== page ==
Awareness begins with education. Make employees undergo unconscious bias training to foster an inclusive workplace. When employees become more aware of its existence, they’ll be able to recognize their own unconscious biases and make informed decisions. 

5. Look at the Data

Look at the numbers and examine which individuals are more likely to get promoted and get a raise. Are they more likely to come from a specific race or gender? Is your upper management composed of individuals from a specific background? Make an active effort to hire individuals with diverse backgrounds in upper management so that everyone is evaluated fairly. 

6. Have Diverse Recruiters 

Recruit a diversity officer to prevent unconscious bias scenarios from affecting hiring decisions. If not, your recruiters may unknowingly rely on their past biases when evaluating candidates. 

7. Improve Communication Within the Organization 

Encourage teams to create policies and procedures that ensure all participants will speak up and communicate during meetings. As we get to know the people we work with, we can eliminate preconceived notions we may have about them. Also, widening our social circles will help us eliminate unconscious racial biases and other forms of implicit bias in the workplace.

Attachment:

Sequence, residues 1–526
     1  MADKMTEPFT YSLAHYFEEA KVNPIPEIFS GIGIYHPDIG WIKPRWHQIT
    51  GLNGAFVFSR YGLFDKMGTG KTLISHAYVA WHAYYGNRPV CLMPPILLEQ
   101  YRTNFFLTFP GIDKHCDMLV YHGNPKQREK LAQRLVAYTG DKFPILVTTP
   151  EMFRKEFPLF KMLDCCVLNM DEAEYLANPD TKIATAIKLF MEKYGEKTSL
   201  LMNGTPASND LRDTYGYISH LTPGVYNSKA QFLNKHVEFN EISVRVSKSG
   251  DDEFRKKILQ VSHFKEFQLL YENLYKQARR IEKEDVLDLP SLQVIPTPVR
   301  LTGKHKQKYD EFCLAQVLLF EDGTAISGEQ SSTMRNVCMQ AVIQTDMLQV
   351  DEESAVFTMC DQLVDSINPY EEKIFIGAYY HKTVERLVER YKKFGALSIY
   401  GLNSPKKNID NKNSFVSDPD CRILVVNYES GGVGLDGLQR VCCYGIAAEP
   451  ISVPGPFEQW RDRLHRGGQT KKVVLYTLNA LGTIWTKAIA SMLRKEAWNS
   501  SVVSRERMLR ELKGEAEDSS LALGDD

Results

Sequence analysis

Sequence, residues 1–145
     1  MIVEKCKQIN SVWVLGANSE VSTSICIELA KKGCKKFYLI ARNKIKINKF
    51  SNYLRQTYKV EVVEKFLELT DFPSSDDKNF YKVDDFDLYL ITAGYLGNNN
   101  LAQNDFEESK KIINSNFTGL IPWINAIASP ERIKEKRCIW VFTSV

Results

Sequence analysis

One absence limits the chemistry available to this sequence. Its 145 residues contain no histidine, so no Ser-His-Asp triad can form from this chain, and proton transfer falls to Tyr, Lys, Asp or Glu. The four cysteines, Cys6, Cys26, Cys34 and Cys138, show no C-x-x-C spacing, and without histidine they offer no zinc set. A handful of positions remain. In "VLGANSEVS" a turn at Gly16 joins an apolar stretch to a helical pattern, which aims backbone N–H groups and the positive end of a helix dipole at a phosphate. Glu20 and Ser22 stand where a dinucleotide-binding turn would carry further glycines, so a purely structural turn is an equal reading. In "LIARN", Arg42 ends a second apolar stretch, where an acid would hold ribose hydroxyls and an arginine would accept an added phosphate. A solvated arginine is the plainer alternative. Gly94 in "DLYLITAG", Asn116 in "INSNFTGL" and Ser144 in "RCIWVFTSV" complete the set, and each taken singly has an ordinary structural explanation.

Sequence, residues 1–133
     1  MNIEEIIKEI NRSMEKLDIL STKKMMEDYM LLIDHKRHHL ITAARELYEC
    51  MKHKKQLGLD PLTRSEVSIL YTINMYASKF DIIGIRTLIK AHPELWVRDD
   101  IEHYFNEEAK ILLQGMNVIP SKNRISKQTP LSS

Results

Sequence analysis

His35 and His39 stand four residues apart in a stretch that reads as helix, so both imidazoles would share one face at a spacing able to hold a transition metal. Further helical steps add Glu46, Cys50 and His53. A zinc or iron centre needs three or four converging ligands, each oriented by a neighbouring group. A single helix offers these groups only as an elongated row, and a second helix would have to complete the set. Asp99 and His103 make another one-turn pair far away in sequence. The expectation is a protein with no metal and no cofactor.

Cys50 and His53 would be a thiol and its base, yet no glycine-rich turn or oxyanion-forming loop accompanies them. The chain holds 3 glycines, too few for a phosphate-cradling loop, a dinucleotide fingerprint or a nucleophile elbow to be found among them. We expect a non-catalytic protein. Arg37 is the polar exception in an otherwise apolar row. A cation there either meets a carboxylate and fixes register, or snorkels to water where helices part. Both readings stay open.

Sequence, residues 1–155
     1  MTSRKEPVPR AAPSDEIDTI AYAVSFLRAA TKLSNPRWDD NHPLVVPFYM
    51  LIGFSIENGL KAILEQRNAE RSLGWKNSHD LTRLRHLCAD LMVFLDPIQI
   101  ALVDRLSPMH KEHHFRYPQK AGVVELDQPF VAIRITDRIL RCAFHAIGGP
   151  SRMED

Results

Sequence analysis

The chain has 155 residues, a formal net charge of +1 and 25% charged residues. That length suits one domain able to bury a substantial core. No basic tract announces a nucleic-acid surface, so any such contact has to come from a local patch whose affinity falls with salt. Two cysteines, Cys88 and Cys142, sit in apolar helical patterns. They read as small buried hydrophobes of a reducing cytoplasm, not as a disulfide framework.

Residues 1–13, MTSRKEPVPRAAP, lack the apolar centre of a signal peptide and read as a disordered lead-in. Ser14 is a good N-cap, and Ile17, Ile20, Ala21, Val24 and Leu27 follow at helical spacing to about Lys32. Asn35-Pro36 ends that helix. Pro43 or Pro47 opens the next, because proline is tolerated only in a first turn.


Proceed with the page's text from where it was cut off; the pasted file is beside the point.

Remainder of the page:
Develop a Plan to Eliminate Unconscious Bias in the Workplace

Becoming aware of unconscious biases in your workplace is the first step to eliminating them. 

You also should make an effort to have recruiters and managers from diverse backgrounds. Train employees so that they become conscious of the biases they make. 

Done right, you’ll be able to identify top talent and hire the most qualified people for the job. Thus, you’ll be recruiting high-performing, productive and qualified workers from diverse backgrounds and create an inclusive environment for business growth. 

Monique Danao is a contributing writer for Fast Capital 360. She writes about social media, content marketing, search engine optimization and ecommerce.